More than 700 types of implants of assorted shapes and sizes have been commercialized since the sixties. All have been marketed on the belief that the breast would imitate the shape of the implant. Experience reveals otherwise. Within several months following implantation, contractile tissue forms around the implant. This process, combined with the anatomic constraints imposed by the user’s chest, deform the implant to an irregular spherical shape, creating the classic augmented breast profile. Nothing short of a hard, nearly rigid implant could retain its original shape after several years of sustained contracture. The claim that the “cohesive- gel” implant imparts a more attractive breast shape is at best wishful thinking.
Pre-clinical and clinical testing of breast implants has never been a serious undertaking. The architects of the FDA’s 1992 Moratorium attempted to change this long-established practice. Breast implant manufacturers were compelled to conduct controlled studies on breast implant safety, upgrade quality assurance practices, and maintain patient follow-up. In response, the three surviving breast-implant manufacturers agreed to the set conditions hoping that the FDA would approve the open sale of their products. Findings from the studies were at best mediocre. Nevertheless, and largely because of pressure from special interest groups, the FDA conceded to the manufacturers’ demand in 2006 and silicone-gel-filled breast implants were declared “approvable” for breast augmentation.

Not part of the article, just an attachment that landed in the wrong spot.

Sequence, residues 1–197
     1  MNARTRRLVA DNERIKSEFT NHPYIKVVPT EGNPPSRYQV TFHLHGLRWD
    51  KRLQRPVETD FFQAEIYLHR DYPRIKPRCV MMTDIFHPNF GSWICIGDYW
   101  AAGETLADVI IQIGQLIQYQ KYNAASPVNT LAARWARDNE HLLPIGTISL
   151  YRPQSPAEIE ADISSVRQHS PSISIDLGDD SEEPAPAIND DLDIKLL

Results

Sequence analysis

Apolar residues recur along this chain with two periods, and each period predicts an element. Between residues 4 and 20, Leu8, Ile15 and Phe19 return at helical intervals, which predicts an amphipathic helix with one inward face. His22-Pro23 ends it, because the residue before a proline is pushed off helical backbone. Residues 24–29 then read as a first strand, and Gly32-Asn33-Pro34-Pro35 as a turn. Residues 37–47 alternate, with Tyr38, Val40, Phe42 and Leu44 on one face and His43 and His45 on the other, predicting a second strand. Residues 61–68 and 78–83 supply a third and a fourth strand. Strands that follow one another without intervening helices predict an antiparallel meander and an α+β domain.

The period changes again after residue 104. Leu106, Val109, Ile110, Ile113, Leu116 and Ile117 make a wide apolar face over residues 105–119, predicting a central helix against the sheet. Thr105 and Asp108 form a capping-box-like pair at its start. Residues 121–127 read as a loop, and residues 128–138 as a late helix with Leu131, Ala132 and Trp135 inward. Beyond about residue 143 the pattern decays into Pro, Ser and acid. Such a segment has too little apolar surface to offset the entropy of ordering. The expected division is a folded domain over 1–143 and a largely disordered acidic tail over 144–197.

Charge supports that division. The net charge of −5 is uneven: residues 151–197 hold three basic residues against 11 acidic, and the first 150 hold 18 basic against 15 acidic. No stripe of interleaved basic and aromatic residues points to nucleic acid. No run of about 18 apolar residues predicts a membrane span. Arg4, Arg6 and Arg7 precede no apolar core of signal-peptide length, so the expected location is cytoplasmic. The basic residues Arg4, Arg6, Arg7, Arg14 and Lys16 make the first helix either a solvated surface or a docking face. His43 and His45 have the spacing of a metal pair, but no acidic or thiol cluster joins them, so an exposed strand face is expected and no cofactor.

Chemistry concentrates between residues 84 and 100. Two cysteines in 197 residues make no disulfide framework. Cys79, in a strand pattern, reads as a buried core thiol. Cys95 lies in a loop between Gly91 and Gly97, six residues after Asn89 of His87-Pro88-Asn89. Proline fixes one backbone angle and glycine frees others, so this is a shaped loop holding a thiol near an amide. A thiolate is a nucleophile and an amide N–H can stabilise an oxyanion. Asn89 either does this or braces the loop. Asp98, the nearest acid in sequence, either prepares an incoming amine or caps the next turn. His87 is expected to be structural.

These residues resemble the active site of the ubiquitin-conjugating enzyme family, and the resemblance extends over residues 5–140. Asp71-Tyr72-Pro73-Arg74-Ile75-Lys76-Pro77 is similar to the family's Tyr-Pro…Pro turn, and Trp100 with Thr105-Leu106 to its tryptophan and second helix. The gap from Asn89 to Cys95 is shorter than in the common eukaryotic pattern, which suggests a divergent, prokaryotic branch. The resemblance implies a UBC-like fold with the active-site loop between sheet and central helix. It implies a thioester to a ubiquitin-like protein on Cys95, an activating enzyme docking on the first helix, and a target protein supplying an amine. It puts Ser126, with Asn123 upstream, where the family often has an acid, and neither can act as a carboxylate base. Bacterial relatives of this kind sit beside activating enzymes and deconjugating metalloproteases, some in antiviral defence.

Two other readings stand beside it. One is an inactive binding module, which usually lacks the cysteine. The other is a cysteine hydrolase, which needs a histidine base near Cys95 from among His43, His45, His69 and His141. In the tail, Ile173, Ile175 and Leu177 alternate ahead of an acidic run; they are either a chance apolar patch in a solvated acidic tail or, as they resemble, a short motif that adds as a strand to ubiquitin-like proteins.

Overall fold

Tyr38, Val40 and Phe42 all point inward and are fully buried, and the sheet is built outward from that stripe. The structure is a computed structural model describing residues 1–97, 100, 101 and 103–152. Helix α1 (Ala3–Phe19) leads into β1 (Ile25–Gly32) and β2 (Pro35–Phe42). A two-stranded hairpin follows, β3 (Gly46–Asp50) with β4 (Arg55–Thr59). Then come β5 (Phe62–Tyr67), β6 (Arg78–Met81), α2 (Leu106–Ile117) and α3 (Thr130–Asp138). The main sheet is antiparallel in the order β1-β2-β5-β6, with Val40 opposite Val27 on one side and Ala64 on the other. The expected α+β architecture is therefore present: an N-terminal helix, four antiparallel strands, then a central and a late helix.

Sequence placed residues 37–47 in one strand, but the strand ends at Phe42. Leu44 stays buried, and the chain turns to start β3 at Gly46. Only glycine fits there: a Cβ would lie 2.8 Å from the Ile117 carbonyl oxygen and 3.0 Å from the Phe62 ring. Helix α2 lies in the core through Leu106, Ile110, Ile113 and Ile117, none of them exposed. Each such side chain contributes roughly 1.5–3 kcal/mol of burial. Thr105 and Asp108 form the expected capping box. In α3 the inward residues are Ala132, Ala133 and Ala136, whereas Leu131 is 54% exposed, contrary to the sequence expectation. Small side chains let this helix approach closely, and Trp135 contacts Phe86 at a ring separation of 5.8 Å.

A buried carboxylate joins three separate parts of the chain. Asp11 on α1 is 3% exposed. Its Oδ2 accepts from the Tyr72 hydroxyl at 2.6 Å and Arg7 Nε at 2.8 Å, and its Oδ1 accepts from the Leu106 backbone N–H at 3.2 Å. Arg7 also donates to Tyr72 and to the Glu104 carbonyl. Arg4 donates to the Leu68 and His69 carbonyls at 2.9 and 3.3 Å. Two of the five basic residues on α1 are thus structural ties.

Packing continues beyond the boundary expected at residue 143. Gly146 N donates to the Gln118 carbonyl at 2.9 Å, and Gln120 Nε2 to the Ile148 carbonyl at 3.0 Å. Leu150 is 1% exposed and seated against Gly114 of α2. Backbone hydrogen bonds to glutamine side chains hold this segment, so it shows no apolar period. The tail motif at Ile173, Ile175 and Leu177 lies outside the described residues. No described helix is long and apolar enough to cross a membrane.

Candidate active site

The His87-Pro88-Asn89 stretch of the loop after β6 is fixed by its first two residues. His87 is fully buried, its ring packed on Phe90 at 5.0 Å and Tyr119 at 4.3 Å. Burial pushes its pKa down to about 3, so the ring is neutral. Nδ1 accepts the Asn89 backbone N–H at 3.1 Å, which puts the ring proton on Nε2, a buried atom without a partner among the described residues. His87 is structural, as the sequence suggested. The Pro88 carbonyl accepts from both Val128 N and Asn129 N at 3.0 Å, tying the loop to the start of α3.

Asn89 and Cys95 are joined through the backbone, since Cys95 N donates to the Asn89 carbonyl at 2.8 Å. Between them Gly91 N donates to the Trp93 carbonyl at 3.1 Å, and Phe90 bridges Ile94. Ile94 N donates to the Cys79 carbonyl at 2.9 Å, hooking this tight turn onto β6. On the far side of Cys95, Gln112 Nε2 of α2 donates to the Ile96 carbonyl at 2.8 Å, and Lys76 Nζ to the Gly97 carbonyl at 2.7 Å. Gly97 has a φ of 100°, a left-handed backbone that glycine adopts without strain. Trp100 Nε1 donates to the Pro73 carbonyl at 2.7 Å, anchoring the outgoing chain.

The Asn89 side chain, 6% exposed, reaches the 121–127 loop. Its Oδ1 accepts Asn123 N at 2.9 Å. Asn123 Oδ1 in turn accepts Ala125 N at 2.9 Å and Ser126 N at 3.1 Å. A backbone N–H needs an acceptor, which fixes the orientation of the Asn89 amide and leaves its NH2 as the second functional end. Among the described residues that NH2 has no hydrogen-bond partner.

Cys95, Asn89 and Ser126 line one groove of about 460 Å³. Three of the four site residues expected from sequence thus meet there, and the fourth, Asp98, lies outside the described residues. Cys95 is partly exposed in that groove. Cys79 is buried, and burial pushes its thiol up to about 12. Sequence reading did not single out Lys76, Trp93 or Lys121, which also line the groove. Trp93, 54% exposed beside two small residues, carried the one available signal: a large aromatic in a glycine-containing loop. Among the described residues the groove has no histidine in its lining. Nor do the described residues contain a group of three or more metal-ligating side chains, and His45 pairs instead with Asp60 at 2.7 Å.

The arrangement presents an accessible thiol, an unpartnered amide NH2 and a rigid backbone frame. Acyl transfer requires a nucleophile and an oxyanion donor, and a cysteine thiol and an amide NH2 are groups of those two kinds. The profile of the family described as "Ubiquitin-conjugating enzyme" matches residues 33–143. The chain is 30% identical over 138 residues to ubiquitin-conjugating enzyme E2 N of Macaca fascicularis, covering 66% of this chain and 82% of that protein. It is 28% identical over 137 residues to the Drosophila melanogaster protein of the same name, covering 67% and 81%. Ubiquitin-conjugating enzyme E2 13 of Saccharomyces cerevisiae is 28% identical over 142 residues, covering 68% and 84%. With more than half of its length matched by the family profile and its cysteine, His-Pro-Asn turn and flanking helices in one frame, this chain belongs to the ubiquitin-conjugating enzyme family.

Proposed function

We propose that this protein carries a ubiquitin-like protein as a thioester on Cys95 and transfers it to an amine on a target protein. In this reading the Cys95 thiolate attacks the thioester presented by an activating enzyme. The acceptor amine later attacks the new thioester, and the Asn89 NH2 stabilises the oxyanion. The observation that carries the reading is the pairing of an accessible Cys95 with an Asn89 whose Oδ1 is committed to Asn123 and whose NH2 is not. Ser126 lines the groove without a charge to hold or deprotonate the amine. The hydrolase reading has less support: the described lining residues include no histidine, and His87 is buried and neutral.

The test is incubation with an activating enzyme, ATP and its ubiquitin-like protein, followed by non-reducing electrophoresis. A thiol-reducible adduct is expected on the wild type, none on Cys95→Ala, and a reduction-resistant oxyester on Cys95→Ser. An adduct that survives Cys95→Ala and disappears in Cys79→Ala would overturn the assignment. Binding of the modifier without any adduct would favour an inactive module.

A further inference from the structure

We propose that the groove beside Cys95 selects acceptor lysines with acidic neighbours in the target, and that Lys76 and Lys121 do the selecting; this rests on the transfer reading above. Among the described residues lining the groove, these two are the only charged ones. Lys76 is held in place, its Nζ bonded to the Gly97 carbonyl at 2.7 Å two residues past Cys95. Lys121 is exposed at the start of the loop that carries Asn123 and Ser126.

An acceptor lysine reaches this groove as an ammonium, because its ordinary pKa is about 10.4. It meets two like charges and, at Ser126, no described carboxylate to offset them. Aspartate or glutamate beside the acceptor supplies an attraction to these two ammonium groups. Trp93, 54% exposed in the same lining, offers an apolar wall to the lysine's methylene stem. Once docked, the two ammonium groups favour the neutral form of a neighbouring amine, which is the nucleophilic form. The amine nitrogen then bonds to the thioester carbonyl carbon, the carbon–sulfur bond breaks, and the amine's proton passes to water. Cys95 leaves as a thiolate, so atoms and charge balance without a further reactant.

The FDA’s approval had little to do with “rigorous testing”. By 2010, flaws had become obvious in the promoters’ sponsored studies. Adverse events culminating in implant removal and individuals lost to follow-up were the most noteworthy findings, the same observations which characterized earlier testing of breast implants. Retrospectively, the tests were neither rigorous nor specifically applicable to the currently-promoted “cohesive-gel” implants and claims of superior performance and safety remain debatable.
Through repetitive promotion, the belief has spread that breast implants marketed post-FDA Moratorium are “new and improved”. This belief is illusory. Currently promoted breast implants are basically the same products which were widely sold during the early seventies. They embody minimal design changes and employ substantially identical ingredients. Manufacturing processes are similar albeit more mechanized, reflecting a desire to reduce production costs.
In summary, the events of the last four decades give credence to views widely held by many in the biomedical field that the currently promoted breast implants are nothing more than reissues of products commercialized more than four decades ago.
Innoval Failure Analysis
Ottawa, Canada K2A 2V1